[Numpy-discussion] Merging the refactor.

Charles R Harris charlesr.harris@gmail....
Thu Nov 11 20:43:22 CST 2010


On Thu, Nov 11, 2010 at 3:15 PM, Travis Oliphant <oliphant@enthought.com>wrote:

> Thanks for starting the discussion, Charles.
>
> Merging of the re-factor is a priority for me once I get back from last 9
> weeks of travel I have been on (I have been travelling for business 7 of the
> last 9 weeks).
>
> Ilan Schnell has already been looking at how to accomplish the merge (and I
> have been reading up on Git so that I understand the commit model better and
> can possibly help without being a complete neophyte with git).   Pauli's
> script will be very helpful.
>
> I'm very enthused about the bug-fixes, memory-leak closures, and new tests
> that have been added on the re-factor branch.  I'm also interested in
> getting more community feedback on the ndarray library C-API, and the other
> changes that have been made.    This feedback will be essential before the
> changes can become NumPy 2.0.   I would also like to see a few more NEPs
> become part of NumPy 2.0 over the next several months.   I have a long wish
> list of additional NEPS that I've only sketched in quick drafts at this
> point as well --- datetime finishes, geometry-information, i.e. dimension
> and index labels,  reduce-by implementation, indirect arrays, and generator
> array objects.
>
>
Let's not go overboard here. I think it would be a good idea to keep the
numpy core as unencumbered as possible. Adding things that let other people
build stuff is great, but putting too much at the core will likely make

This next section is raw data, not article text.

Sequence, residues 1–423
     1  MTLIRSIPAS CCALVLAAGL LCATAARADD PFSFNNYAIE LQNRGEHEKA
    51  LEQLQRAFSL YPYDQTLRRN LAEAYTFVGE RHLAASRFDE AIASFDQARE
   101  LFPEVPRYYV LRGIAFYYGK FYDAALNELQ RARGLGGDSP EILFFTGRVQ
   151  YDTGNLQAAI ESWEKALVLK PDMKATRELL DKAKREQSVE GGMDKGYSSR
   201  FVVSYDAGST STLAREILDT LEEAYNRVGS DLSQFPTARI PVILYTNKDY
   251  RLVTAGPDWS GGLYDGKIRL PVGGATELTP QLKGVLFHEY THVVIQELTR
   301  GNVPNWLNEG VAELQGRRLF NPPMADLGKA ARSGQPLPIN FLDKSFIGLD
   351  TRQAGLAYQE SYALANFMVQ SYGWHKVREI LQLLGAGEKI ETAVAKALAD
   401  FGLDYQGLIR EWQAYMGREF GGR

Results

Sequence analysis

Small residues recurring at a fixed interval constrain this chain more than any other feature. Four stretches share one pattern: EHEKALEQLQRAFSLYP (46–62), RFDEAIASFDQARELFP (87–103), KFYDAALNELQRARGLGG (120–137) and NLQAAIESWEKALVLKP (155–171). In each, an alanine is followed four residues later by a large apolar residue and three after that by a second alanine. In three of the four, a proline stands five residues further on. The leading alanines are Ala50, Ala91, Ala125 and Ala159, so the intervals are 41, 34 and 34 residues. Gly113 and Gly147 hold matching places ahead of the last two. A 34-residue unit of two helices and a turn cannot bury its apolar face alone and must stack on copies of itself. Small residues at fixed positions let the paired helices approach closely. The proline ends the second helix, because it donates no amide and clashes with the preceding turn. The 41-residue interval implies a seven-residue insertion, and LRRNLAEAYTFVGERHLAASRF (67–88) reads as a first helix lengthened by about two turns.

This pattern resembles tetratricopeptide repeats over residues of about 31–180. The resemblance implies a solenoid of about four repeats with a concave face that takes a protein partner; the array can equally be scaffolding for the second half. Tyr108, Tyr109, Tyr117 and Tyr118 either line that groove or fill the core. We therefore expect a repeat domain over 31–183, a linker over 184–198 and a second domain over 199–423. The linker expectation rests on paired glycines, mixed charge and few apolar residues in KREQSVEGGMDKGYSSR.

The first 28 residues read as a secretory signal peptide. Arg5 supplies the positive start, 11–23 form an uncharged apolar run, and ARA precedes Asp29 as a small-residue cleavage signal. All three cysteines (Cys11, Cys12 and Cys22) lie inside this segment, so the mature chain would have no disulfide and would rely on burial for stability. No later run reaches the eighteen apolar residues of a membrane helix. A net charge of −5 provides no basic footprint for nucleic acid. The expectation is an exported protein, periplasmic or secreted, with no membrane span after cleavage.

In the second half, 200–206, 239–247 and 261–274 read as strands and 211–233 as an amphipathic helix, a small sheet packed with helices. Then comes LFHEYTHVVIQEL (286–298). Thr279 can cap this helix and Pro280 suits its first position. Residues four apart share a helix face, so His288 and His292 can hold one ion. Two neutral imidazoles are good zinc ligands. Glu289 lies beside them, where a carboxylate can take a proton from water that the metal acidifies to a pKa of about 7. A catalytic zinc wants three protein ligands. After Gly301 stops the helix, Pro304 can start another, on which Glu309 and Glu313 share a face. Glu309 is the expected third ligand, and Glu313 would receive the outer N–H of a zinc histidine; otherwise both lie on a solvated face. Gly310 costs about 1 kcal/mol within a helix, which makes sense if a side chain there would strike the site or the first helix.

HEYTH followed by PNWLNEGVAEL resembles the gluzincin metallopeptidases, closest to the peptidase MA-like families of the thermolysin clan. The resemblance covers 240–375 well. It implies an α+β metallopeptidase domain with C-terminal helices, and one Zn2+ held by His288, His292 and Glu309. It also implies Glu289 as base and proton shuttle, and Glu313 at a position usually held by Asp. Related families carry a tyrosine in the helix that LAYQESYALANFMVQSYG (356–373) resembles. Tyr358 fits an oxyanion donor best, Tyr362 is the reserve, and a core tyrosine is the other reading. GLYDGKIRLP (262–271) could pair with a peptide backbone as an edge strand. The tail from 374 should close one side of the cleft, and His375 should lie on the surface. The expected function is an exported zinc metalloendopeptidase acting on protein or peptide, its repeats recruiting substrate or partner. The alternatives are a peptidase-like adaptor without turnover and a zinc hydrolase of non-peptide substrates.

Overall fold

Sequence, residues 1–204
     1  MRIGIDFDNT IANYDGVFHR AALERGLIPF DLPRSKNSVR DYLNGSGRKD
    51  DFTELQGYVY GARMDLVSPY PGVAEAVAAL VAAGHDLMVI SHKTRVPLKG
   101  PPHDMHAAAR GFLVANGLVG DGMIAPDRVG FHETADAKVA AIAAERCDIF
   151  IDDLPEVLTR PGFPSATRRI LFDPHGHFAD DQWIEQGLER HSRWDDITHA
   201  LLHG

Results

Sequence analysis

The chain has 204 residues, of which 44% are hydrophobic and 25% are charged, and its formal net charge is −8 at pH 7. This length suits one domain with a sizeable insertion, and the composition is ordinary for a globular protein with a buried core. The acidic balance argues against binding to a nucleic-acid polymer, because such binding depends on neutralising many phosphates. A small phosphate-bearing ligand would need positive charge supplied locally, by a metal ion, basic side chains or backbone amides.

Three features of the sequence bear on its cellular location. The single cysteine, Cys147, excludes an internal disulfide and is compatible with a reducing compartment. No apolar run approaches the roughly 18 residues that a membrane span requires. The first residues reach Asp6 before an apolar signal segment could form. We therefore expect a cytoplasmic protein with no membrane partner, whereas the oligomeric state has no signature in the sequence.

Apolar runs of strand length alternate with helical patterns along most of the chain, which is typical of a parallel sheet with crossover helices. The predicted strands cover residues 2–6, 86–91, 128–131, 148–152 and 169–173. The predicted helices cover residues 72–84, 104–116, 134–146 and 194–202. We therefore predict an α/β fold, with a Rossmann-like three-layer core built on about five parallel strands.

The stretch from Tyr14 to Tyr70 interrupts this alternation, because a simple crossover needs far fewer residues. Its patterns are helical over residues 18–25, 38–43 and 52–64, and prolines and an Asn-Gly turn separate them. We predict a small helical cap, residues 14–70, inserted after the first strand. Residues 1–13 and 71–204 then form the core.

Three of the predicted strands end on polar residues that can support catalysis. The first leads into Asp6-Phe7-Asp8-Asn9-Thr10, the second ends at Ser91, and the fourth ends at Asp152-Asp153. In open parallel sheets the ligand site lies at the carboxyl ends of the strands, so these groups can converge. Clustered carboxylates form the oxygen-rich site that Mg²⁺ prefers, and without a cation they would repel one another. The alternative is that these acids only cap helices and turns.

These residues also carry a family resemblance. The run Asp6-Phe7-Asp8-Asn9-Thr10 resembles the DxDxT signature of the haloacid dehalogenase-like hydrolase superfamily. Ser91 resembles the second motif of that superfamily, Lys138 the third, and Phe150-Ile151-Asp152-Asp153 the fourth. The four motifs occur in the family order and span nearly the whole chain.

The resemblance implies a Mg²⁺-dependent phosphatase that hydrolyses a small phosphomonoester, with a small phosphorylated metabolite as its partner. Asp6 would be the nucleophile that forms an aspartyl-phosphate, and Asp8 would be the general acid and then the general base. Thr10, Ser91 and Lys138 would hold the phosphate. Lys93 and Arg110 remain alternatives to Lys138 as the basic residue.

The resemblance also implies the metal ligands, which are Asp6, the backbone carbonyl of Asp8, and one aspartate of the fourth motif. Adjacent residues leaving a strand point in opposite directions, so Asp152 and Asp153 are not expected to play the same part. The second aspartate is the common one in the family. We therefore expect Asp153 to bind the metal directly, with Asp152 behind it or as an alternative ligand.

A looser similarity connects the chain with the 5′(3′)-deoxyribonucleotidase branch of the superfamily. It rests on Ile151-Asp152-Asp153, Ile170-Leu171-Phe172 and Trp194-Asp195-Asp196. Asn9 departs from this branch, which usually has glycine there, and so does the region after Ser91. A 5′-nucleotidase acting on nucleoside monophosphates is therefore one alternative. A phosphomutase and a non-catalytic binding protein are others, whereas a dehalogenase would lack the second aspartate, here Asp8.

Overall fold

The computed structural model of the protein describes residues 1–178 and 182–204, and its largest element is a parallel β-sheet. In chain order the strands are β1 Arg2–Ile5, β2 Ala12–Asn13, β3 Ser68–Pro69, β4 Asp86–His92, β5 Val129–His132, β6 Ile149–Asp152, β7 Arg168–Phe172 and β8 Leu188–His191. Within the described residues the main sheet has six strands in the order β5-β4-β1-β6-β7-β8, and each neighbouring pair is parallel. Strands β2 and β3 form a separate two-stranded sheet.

maintenance more difficult and the barrier to entry higher. IMHO, the core
of numpy functionality is access to strided memory, topped with ufuncs.
Linear algebra, random numbers, etc are add-ons, but useful ones to combine
with the core package. I think that index labels are already pushing the
limits.

What do you want to do with datetime? We could remove it from the current
trunk and leave it to come in with the refactoring when it is ready.


> My initial guess as to how quickly we would have a NumPy 2.0 was ambitious
> partly because I have had almost zero time personally to work on it, and
> partly because we have been resource constrained which has pushed us to draw
> out the project a bit.     But, I've come up with a long list of new
> features for NumPy 2.0 that I would like to hash out on the mailing lists
> over the next months as well.   My hope is for NumPy 2.0 to come out by the
> end of Q1 sometime next year.   My hopes may have to be tempered by limited
> time resources, of course.
>
>
The rule of thumb is to multiply software time estimates by four. The
multiplication needs to be done by someone uninvolved because programmers
usually think they have already accounted for the unexpected time
requirements.


> At the same time, the work on the .NET framework has pushed us to move more
> of SciPy to a Cython-generated set.   There are additional things I would
> like to see SciPy improve on as well, but I am not sure who is going to work
> on them.   If I had my dream, there would be more modularity to the
> packages, and an improved packaging system --- and of course, porting to
> Python 3k.   I would like to see core SciPy be a smaller set containing a
> few core packages.   (linear algebra, statistics, optimization,
> interpolation, signal processing, and image processing).   Then, I would
> like to see scipy.<module> packages which are released and packaged
> separately with the whole system available on github.
>
>
The past couple of years have been very busy for me (and continue to be
> busy), but I am hoping that next year will allow me more time to spend on
> promoting sprints, and participating more in the community.  I will not have
> the time I used to have when I was a full-time academic, but I plan to be
> more involved in helping promote SciPy development.  With SciPy moved over
> to github, I think that will even be possible without my stepping on
> everybody else's hard work.
>
>
Oh, the guys in the corner offices always say that. Somehow it doesn't work
out that way, someone has to keep the business going. The best way to keep
working at the bench, so to speak, is to avoid promotion in the first place.
I'm afraid it may be too late for you ;)

Chuck
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